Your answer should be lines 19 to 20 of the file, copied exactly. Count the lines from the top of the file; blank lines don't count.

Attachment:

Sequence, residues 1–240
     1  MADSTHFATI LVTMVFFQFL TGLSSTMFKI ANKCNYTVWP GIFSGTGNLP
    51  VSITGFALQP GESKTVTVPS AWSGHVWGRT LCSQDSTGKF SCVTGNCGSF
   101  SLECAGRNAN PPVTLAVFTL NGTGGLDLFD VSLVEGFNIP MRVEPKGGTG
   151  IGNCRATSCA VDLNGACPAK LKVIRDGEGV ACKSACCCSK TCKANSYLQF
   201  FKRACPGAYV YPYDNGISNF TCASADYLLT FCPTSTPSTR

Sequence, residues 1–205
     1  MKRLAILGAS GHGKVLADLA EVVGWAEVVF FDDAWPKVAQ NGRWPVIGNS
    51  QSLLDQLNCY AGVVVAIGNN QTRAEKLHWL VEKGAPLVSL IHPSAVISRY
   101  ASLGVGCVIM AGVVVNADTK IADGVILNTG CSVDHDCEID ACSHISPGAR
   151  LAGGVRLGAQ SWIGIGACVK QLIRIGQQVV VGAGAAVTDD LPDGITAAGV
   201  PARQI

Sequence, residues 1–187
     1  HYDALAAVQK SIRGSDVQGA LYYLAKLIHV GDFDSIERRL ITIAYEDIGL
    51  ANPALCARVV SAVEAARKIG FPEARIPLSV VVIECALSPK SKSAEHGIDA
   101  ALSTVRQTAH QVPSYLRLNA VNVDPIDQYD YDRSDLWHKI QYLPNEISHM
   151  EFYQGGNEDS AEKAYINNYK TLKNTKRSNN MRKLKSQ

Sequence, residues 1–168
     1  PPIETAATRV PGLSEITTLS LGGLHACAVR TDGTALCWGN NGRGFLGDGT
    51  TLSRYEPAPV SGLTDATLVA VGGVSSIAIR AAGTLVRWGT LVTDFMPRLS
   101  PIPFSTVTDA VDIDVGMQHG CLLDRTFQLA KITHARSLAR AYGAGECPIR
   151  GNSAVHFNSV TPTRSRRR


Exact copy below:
     1  PPIETAATRV PGLSEITTLS LGGLHACAVR TDGTALCWGN NGRGFLGDGT
    51  TLSRYEPAPV SGLTDATLVA VGGVSSIAIR AAGTLVRWGT LVTDFMPRLS